One of the first warnings an aspiring analyst hears is, "never take an average of an average". The reason for this warning may not be intuitive, but it's important to understand why it's generally a bad thing to average a bunch of averages. In today's post, I'll attempt to explain the problems with using simple averages and how Weighted Averages can help you avoid inaccurate conclusions about your data.

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Where Straight Averages can Go Wrong

Imagine you manage two sales reps (Jim and Tim). These two sales reps have been working for you for three months. Over the last three months, you've collected data on their win rates vs. sales calls. After three months of selling, you'd like to see which sales rep has been more effective based on win rate.

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At first glance, you see that Jim's win rate has been 65%, 85%, and 86% over the last three months. Tim's win rate has been 65%, 84% and 83%. You'd like to get an average win rate for each sales rep; so you simply average the win rates. From the looks of it, Jim seems to be the better performer. Not only does he have better win rates each month, but his straight average win rate is 78% (slightly better than Tim).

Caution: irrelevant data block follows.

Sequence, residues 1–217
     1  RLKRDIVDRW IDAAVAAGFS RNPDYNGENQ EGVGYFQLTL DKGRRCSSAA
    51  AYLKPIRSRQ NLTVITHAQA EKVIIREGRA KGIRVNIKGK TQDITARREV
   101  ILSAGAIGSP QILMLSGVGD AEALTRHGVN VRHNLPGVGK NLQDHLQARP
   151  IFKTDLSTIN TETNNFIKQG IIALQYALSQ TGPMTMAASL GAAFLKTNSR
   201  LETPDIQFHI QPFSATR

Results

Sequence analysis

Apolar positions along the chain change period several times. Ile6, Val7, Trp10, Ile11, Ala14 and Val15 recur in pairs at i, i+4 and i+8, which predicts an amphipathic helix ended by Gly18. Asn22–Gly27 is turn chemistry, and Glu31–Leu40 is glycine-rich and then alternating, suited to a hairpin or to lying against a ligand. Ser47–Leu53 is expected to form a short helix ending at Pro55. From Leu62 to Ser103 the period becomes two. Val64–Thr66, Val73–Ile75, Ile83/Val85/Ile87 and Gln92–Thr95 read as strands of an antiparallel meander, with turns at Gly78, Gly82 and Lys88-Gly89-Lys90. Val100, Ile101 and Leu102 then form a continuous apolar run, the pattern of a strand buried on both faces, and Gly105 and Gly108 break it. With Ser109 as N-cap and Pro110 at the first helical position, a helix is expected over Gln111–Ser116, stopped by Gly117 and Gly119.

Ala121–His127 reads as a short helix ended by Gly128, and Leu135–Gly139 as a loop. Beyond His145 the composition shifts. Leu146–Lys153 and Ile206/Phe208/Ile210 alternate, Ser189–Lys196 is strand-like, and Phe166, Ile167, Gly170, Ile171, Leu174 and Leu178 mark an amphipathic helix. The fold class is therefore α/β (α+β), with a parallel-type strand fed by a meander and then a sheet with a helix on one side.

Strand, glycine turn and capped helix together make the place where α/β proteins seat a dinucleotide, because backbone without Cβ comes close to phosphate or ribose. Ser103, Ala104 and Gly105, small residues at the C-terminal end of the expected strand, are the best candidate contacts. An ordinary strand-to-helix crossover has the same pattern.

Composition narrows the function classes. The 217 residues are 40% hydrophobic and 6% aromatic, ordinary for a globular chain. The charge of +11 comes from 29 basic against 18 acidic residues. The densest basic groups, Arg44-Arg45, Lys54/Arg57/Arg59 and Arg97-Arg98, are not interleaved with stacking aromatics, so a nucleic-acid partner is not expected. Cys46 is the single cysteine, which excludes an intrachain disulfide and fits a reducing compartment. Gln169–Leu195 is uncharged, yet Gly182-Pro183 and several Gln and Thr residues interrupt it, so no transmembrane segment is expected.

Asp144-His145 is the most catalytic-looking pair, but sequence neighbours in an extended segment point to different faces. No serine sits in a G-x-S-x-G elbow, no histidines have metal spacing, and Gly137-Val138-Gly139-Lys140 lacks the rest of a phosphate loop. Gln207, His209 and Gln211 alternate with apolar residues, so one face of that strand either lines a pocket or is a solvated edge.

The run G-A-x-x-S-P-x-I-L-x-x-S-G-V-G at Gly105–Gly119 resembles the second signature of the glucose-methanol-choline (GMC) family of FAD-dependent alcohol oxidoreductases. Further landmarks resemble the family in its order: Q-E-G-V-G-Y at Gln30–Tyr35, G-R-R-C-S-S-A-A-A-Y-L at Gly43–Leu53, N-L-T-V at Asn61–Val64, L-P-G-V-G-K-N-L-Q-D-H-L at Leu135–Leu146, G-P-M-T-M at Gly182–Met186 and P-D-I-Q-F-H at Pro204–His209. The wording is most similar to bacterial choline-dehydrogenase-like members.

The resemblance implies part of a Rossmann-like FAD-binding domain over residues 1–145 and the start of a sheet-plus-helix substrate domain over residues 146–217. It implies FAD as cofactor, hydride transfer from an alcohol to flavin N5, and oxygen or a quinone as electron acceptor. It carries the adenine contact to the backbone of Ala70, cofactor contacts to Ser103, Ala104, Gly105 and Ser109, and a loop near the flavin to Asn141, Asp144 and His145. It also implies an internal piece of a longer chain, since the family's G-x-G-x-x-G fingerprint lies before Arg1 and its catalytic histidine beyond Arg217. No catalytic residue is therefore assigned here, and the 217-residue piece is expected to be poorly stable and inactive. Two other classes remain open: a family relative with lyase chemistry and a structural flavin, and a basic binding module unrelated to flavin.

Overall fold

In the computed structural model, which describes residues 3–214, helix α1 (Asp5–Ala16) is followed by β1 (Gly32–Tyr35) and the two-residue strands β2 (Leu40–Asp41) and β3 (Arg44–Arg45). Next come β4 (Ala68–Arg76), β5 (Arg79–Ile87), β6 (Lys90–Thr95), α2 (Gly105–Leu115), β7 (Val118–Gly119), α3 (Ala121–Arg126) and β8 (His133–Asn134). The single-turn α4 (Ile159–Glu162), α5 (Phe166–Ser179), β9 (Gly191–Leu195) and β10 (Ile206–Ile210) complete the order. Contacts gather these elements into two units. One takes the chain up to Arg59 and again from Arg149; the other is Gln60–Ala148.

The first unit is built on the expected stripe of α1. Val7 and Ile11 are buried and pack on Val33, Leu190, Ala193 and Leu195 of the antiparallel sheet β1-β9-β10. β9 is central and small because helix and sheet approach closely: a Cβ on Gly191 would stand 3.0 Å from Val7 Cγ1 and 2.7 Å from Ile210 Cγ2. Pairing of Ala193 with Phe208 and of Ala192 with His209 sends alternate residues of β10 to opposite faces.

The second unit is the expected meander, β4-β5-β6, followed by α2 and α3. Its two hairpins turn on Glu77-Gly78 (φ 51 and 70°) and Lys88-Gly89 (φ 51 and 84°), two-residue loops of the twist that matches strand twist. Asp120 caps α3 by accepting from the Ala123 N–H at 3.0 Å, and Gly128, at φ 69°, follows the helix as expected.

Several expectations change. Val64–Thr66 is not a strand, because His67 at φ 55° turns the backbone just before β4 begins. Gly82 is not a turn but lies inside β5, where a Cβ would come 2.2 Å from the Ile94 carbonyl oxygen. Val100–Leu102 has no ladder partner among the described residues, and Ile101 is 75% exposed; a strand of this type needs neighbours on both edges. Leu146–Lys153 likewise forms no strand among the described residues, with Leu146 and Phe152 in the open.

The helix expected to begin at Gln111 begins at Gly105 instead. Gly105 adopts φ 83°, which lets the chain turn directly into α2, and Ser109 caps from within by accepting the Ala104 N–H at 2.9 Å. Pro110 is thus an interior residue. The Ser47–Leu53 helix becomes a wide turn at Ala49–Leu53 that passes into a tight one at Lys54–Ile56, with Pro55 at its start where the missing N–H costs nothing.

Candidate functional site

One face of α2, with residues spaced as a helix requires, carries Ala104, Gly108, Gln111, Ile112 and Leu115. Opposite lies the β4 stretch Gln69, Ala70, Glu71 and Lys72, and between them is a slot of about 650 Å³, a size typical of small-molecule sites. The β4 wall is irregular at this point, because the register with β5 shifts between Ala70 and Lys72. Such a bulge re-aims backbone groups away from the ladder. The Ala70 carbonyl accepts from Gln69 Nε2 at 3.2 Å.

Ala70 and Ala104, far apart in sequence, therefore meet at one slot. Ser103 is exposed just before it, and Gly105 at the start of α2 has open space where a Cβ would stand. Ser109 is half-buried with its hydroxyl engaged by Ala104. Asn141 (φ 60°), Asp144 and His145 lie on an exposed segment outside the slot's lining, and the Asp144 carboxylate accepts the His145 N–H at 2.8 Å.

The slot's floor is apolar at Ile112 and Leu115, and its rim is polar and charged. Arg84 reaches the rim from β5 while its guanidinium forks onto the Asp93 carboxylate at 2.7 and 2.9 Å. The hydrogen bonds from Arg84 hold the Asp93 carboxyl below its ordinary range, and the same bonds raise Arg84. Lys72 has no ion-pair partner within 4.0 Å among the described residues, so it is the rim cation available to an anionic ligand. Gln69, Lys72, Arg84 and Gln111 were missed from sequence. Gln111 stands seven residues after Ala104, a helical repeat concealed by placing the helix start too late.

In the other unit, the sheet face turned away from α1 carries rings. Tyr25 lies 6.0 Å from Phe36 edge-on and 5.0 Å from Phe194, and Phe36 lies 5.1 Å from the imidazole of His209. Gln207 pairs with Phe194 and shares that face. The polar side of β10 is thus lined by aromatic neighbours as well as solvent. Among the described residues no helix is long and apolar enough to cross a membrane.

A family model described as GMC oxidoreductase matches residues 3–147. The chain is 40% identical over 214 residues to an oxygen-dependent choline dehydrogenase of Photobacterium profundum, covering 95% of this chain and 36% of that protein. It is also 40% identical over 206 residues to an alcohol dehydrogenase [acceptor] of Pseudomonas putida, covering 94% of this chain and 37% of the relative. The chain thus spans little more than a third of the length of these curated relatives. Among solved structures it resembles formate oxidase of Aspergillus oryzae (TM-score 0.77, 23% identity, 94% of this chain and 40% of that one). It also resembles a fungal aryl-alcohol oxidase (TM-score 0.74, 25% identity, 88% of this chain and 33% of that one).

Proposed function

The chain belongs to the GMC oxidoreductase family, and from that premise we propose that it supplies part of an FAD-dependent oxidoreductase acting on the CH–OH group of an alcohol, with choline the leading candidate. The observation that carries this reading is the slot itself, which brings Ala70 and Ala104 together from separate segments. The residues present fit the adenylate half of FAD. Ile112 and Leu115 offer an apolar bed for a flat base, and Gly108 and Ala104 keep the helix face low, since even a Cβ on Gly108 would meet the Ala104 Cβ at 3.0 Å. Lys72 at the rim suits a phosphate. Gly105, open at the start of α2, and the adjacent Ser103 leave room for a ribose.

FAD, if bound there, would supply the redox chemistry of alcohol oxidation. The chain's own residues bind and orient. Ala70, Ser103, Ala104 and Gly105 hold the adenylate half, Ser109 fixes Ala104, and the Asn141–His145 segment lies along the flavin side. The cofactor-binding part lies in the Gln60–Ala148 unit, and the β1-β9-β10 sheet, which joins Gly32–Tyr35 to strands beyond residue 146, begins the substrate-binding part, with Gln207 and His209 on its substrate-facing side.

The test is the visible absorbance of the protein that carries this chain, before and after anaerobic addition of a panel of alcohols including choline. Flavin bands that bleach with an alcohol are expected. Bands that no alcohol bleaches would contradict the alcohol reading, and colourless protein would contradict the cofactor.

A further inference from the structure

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But wait. Look at what happens when you look that their numbers from the perspective of total wins for the entire three-month period. Taking the total wins vs. total sales calls, you see that Tim, with a 76% win rate, is actually more effective. What the heck!? How can Jim have a better win rate each month, but still trail behind Tim when calculating the total win rate for the month?

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This strange observation has a name in statistics. It's called Simpson's Paradox.

No - not that Simpson.

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Edward H Simpson was a British statistician who published a paper in 1951 detailing a phenomenon in which a trend present in different groups is reversed when the groups are combined. In other words, one conclusion may be reached when data is analyzed in smaller groups, but an opposite conclusion may be reached when data is analyzed in aggregate.